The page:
Company believes Egypt still offers a fantastic opportunity for oil exploration.
Egypt has been a tough place to operate for oil and gas companies in recent years, especially the western ones.
Markets are also wary given the political upheaval, but Toronto and NASDAQ-listed oil producer TransGlobe Energy Corporation reckons the share price treatment it has received is just too harsh.
A lot of good financial news has come out of Egypt in recent months, says Ross Clarkson, president and chief executive, but markets, especially in North America are not interested.
Indeed, the combination of ‘energy, small cap and international’ is so out of favour with North American investors that the company is considering a listing on London’s AIM market.
The welcome in the UK and Africa has been much more encouraging, he says, with genuine surprise about how much oil TransGlobe is producing and that it is getting paid in full.
And those are two of the key points the market is missing, says Clarkson.
Payment on time
First, the company produces a lot of oil. In the quarter to June, output was close to 16,600 barrels per day of which 13,800 came from Egypt and 2,600 from Canada.
Second is that it gets paid on time.
Unlike nearly all other western companies that operate in Egypt, and due to an inability to refine its heavyish oil in-country, TransGlobe exports almost all it produces except for what it chooses to sell to the Egyptian state oil company (EGPC) for local currency purposes.
TransGlobe works on standard thirty day payment terms for export shipments.
For example, payment of US$18.5mln for a one tanker of oil lifted in June was received in July.
The group has carried out more than 8 cargo liftings over the past 30 months and plans two more in 2017, while it is also in talks with EGPC about increasing the lift frequency.
A US$75mln pre-paid marketing deal has been set up with oil trading group Mercuria to smooth working capital, while a C$30mln reserve based lending facility has also been set up for its Canadian operations.
TransGlobe estimates that at a price of US$50 per barrel, it can generate annual cashflow of approximately US$40mln.
That compares to a current market value of US$84mln at US$1.12.
Clarkson argues that a cashflow multiple of 2.1 times (84/40) leaves the company very undervalued, when majors that operate in the region can sell for 4- 6 times their cash generation.
Rapid returns in Egypt
TransGlobe knows Egypt, and the Middle East, well. It has been producing in Egypt, and before that the Yemen, for 20 years.
Clarkson makes no bones that a big chunk of that cash it is generating will be re-invested in the country to develop what he says are fantastic oil opportunities.
At present, production comes from three fields in the country: North West Gharib, West Gharib and West Bakr.
Clarkson has plans to drill “a number of wells” on NW Gharib, which is in the Eastern Desert, and also at South Alamein on its Western Desert licences.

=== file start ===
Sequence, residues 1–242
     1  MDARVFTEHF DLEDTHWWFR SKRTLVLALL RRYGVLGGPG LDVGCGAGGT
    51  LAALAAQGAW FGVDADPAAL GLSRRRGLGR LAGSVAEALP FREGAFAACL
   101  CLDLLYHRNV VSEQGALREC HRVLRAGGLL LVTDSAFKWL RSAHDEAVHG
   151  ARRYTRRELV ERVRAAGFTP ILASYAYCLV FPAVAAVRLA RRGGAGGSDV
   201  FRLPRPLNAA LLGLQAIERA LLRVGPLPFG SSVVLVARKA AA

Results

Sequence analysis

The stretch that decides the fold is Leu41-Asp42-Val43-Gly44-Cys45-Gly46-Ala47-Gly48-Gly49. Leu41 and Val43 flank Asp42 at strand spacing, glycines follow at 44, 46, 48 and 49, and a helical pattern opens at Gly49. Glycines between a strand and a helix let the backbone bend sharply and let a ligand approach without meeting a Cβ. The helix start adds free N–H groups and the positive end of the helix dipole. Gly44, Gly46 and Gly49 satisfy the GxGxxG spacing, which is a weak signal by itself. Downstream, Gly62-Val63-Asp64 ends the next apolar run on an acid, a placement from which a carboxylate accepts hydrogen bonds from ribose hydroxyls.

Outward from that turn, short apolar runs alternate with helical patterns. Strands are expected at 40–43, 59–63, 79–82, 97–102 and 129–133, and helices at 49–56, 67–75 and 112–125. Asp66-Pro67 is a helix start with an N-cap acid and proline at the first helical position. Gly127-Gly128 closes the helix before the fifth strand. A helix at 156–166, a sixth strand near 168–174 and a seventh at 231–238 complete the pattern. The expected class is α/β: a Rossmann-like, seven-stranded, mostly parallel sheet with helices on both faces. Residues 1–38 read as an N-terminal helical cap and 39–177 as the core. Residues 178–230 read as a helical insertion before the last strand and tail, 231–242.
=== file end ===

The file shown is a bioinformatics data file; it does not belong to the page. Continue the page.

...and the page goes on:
Why? Because Clarkson says prospects are even better there than the assets currently in production.
NW Gharib is phenomenal, he says. “Wells come on at 700 barrels per day with incredible rates of return and quick payouts.”
South Alamein, too, saw the original exploration well test at 1600 barrels per day of light crude.
Testing on the second well is expected to take place in about two weeks. If things go as hoped, the Company could be trucking up to 2,000 barrels per day early in 2018, he says.
Clarkson points out that with low drill costs, US$40mln of cashflow gives scope for a lot of wells and the capital budget this year is between US$40-45mln.
Canada another option
That includes Canada, where, at the end of 2016, TransGlobe took advantage of what it saw as an overlooked asset in the Cardium formation in Western CA.
Traditionally a steady producer, no new wells had been drilled for three years due to the poor financial position of the previous owner.
TransGlobe is planning three wells this year and sees scope “materially to increase” current production of around 2,600 barrels equivalent including gas.
Western Canada will be a standalone operation funded out of its own cashflow, but, like Egypt, it will be relatively straightforward and much more economic now with the reduction of capital costs and advances in drilling and completion techniques.
“These are nice assets that had been missed. The owner was in trouble so had to sell it. It’s all conventional, fairly cheap drilling. You just tie it in and pull up a truck.”
Second quarter results to June included a big write-down on NW Gharib from the heady days when oil was US$108 per barrel, which pushed the group into a loss of US$55.6mln though there was an underlying profit of US$4.6mln.
That may help explain why TransGlobe is worth US$84mln or half its value a year ago though Clarkson isn’t buying it.
He says he is mystified by the market’s treatment, especially as TransGlobe has not issued any new shares since 2011. His emphasis on cashflow suggests he does not want to do so now.
Much depends on Egypt, but investment is returning and Clarkson believes developments by groups such as BP and ENI offshore are set to transform its energy sector.
If he’s right, a major re-rating for TransGlobe may be on the horizon.
(Source: Proactive Investors)